The social fabric of America is fraying, torn by the economic, social, and psychological impact of the coronavirus pandemic, and by social unrest and political tensions the likes of which we haven’t seen for 50+ years.

Here in Sisters, we have felt the blows of shutdowns, restrictions, event cancellations, disruptions to education — and in recent weeks, living in a thick, choking pall of smoke. Now we look ahead to a fall and winter partially cut off from the Willamette Valley as two of the major arteries into our part of the state remain closed, potentially for months.

While we all recognize that our troubles are small next to the devastation experienced by our neighbors to the west, in Blue River and Detroit and so many other communities on the west side of the Cascades, we’re still feeling the sense of dread and dislocation that comes with troubled times.

We’re heading into one of the most contentious elections in American history, which just became even more so with the death of Justice Ruth Bader Ginsburg and the prospect of a raw, power-politics brawl over filling her seat on the Supreme Court.

National politics can seep into the Sisters Country air as insidiously as wildfire smoke — and it could be just as toxic and hazardous to our community’s health. In an atmosphere where everything is politicized and all politics is weaponized, it can be easy for neighbors to turn on each other in anger and distrust — just when we need to be coming together to meet the many challenges that will continue to face our community for many months to come.

It would be naïve and childish to pretend that what happens on the national stage does not affect our lives in Sisters. Who sits behind the Resolute Desk in the Oval Office matters; who controls the Senate has an impact; the decisions made at the Supreme Court shape our lives.

But we cannot repair and maintain the social fabric by whom we elect to national office. We mend the social fabric one stitch at a time, right here in our local communities.

This weekend, Sisters will come together to reach out a helping hand to Oregonians who have experienced devastating losses in catastrophic wildfires. There is no political litmus test required to participate. In fact, your politics are irrelevant.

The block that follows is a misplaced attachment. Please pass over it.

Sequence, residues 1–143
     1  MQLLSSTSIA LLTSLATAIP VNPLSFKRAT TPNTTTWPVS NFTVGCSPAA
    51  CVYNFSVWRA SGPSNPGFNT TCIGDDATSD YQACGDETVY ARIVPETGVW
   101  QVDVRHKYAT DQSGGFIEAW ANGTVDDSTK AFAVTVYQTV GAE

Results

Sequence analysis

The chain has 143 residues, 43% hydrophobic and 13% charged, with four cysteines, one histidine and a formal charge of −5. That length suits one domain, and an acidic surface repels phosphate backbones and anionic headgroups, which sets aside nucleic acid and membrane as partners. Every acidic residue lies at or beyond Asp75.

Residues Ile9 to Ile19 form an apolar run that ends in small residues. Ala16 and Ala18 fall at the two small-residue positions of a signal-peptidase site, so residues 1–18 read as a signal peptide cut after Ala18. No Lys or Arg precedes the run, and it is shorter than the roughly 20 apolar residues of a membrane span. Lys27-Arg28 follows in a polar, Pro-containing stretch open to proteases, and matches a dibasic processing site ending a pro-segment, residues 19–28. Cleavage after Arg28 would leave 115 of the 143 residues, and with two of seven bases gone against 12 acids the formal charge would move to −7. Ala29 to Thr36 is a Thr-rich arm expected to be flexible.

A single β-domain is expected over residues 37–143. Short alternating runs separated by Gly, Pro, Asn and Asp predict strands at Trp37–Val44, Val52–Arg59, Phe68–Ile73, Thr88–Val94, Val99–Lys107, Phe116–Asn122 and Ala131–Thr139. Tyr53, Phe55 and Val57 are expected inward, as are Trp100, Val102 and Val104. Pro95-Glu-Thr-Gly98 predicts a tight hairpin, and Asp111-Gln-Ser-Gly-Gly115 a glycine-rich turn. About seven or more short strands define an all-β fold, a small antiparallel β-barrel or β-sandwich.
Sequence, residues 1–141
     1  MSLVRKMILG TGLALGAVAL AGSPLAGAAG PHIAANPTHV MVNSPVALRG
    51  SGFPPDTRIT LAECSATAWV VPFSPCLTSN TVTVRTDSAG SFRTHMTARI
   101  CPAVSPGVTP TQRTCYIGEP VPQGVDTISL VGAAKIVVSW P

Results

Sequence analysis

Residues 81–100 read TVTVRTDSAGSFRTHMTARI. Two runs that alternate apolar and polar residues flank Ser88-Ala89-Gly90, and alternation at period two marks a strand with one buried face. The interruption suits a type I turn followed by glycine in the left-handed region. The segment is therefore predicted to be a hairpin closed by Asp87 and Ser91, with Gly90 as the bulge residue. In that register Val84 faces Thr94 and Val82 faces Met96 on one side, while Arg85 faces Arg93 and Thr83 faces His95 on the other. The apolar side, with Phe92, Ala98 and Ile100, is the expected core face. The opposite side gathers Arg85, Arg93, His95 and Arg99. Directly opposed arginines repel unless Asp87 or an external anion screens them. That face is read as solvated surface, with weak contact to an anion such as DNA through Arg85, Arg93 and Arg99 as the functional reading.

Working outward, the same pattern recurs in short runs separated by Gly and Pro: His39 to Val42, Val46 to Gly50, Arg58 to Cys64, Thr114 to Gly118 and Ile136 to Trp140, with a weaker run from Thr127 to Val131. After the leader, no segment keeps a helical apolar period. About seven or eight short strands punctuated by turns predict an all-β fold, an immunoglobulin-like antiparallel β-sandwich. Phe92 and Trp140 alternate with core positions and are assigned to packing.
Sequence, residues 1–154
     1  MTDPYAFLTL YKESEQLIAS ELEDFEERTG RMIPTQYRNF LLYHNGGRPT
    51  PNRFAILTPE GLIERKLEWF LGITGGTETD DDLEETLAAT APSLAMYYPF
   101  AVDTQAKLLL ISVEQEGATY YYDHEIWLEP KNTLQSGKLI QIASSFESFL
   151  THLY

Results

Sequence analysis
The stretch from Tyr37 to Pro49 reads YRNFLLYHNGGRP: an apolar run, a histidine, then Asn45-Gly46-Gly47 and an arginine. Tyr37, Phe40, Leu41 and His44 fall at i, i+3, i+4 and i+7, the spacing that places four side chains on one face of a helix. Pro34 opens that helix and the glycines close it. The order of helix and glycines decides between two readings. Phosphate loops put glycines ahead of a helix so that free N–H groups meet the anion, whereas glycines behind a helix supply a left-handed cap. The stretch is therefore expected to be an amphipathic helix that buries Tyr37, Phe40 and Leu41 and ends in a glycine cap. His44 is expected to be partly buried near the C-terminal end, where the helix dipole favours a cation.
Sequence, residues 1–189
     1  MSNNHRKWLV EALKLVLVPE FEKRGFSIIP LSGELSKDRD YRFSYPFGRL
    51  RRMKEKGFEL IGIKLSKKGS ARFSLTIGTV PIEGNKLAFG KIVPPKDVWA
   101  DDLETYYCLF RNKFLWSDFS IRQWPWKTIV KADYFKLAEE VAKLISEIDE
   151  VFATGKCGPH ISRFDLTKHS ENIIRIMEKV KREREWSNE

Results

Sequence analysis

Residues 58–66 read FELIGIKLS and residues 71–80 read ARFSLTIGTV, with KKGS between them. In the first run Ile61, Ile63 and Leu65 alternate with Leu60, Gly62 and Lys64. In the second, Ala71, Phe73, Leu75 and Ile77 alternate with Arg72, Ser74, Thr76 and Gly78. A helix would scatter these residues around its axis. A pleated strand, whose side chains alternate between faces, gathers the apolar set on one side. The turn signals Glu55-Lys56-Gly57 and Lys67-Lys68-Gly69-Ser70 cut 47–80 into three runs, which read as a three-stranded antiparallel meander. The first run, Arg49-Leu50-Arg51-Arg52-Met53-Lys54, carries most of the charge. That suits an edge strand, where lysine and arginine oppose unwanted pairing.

This is liable to be a long, hard winter for many folks in Sisters, with ongoing COVID restrictions taking their toll, and the normal slowdown of the season exacerbated by road closures. Business owners will struggle; seniors will be more isolated than ever; workers’ paychecks will be leaner than usual. What we do to help folks who need it matters a whole lot more than what bubbles we fill in on our ballots.

There are people who are making vast fortunes and accruing great power through the business of dividing Americans one from another. They have powerful tools of propaganda to wield, day in and day out, in convincing us that our neighbor who has political views that differ from our own is an existential threat to everything we value and hold dear.

The true threat lies in that division itself. If Ruth Bader Ginsburg and Antonin Scalia could enjoy a warm friendship and shared values, despite having virtually polar opposite views on the law, we can certainly lend an ear to the neighbor whose political yard sign or letter to the editor infuriates us.

Better yet, perhaps those who disagree on virtually everything there is to disagree about in national politics can simply shut up about it for a minute, join together and find something to agree on: That these tumultuous and troubled times are just the right time to reach out and help our neighbor.